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Natural Awakenings Fairfield County & Housatonic Valley CT

Happy Trails to You (Until We Meet Again)

Sep 29, 2020 01:59PM ● By Carrie Brady
For many people, the image of a horse and rider walking down a beautiful trail inspires bliss.  There is freedom embedded in that image, as well as a sense of curiosity and wonder.  You never know what amazing things you might discover on a trail and the experience is different every time since nature is constantly changing.  For others, even accomplished riders, the same image may incite fear.  Outside the relatively controlled environment of an enclosed riding arena, some people feel panicky.  They are afraid of what may be ahead, of what might happen if the horse gets spooked by a strange sound or animal running across the trail, or uninterested in giving up any control to an animal that has a mind of its own.

Horses given the freedom to explore early in their lives and regularly exposed to different situations are more likely to approach the trails with excitement than fear.  Those that have only known the confines of riding rings and stalls will take more time to adjust and benefit from the support of more experienced horse guides to show them the way. 

Humans adapting to change are similar. Those who have been through challenging transitions in the past and discovered unexpected opportunities and benefits in those changes have developed “thrival” skills.  Unlike survival skills, which keep us alive but not necessarily well, thrival skills help us rediscover the excitement in the unknown, and the unlimited possibilities for good things to come, even in the face of fear.  Wild animals typically have amazing thrival skills.  As humans have encroached on their homes and feeding grounds, they have adapted. In Connecticut, bears, bobcats, deer, and dozens of other species live happily among humans.  Dangerous encounters occur but are extremely rare.

One essential thrival skill is knowing when to leave.  Dog owners teach basic commands such as sit, stay, come, and “leave it.”  Leave it is the command most likely to be lifesaving - leave that toxic thing you are about to eat, leave that porcupine alone, leave an unsafe area.  Humans also need to learn when to sit and stay, when to come, and when to leave. It may be difficult to leave but sometimes it is essential.  When the water source dries up and the grass is no longer plentiful, wild horses move on to new pastures.  

The COVID-19 pandemic has opened gates and taken down fences for the human collective. As a species we are more connected in the face of a common challenge that crosses all boundaries, but we also are gripped by fear and traveling down unfamiliar trails. The comforts of our routines, relationships, and environment all have been altered.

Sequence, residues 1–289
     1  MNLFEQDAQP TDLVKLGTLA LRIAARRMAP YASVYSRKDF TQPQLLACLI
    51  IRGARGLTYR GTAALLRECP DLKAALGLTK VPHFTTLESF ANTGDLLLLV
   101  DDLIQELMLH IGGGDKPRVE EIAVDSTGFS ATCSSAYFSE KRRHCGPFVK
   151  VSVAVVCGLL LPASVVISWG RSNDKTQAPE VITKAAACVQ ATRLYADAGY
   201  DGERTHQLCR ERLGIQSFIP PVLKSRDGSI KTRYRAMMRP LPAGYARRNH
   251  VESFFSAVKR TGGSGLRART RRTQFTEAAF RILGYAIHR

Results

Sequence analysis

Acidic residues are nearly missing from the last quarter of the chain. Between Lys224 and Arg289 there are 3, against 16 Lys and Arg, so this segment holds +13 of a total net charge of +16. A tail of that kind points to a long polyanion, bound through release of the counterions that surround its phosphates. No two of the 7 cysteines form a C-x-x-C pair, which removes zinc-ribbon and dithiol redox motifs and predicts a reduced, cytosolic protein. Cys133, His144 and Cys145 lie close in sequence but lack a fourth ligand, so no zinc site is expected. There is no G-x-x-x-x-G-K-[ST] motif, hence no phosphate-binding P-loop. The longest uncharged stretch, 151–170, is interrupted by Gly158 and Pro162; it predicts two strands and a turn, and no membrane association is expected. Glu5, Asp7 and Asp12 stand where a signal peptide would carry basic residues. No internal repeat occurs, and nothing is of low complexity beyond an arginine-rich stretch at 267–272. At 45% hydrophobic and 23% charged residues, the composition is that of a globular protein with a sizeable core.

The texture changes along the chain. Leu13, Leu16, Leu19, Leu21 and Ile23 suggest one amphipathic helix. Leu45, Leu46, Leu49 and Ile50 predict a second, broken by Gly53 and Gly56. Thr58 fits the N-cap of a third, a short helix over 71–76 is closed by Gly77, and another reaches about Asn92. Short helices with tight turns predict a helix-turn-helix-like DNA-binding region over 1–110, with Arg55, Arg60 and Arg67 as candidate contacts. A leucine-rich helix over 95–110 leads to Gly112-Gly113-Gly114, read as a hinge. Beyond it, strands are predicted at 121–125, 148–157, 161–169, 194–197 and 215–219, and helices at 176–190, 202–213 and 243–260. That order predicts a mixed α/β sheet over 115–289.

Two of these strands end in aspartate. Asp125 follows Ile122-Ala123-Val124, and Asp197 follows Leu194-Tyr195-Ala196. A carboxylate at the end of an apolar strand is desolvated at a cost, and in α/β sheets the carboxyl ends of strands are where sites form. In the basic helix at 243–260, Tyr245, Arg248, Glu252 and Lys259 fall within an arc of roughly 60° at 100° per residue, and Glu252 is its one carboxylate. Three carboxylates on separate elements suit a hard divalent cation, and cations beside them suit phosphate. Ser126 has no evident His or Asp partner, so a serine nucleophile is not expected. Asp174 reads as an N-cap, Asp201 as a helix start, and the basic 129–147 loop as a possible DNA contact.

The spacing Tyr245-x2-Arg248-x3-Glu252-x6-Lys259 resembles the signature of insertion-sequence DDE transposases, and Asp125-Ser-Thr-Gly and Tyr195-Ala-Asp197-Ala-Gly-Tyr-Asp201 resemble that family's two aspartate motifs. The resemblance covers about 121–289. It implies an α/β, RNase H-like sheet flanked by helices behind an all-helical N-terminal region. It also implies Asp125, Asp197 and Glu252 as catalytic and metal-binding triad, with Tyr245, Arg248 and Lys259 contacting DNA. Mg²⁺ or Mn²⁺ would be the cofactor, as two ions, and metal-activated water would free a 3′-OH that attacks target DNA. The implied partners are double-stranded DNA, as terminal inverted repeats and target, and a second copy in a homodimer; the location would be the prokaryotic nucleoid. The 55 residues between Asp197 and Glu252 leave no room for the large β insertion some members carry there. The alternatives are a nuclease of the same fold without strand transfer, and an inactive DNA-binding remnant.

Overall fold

Nicole Miale, publisher and owner of Natural Awakenings, has served as one leader of this diverse herd for many years, offering us opportunities to connect with and learn from one another, and to build the type of thrival skills and community support that serve us well. As one final gift to us, she is modeling how to “leave it”—to recognize when it is time to move forward and to have the confidence to see what comes next. A dog in an animal communication session recently explained it this way: “Only a human could think that being able to run as much as you want all day in a big fenced yard is more freedom than going out for long trail hikes twice a day.” 

Before the pandemic, we have mostly been running around our yards, following well established patterns. Sometimes we changed yards and had new places to explore, but typically we moved within the fences we set for ourselves. The pandemic has opened all the gates and our yards may no longer offer us what we need.   We can choose whether to stay in the familiar yard as it is altered by forces we cannot control or to go through the gate.  The trails are beckoning.  

As we move forward, may we do so with the confidence of a seasoned trail horse, with excitement and joy, welcoming the adventure.  May we also remember we are one herd of humans, and continue to support each other on the journey. To Nicole and all who have been a part of the Natural Awakenings’ community of writers, readers, and advertisers, let’s ride off into the sunrise, whistling Roy Rogers’ tune, “Happy trails to you, until we meet again,” ready for whatever comes next. 

Carrie Brady is the creator of Possibilities Farm, a wellness retreat center in Wilton where she partners with a herd of horses in innovative non-riding programs for personal growth, professional development, and wellness. She and the herd are currently offering phone coaching and distance energy work and will be reopening for in-person services in December at their new home in the Hudson Valley, New York. 

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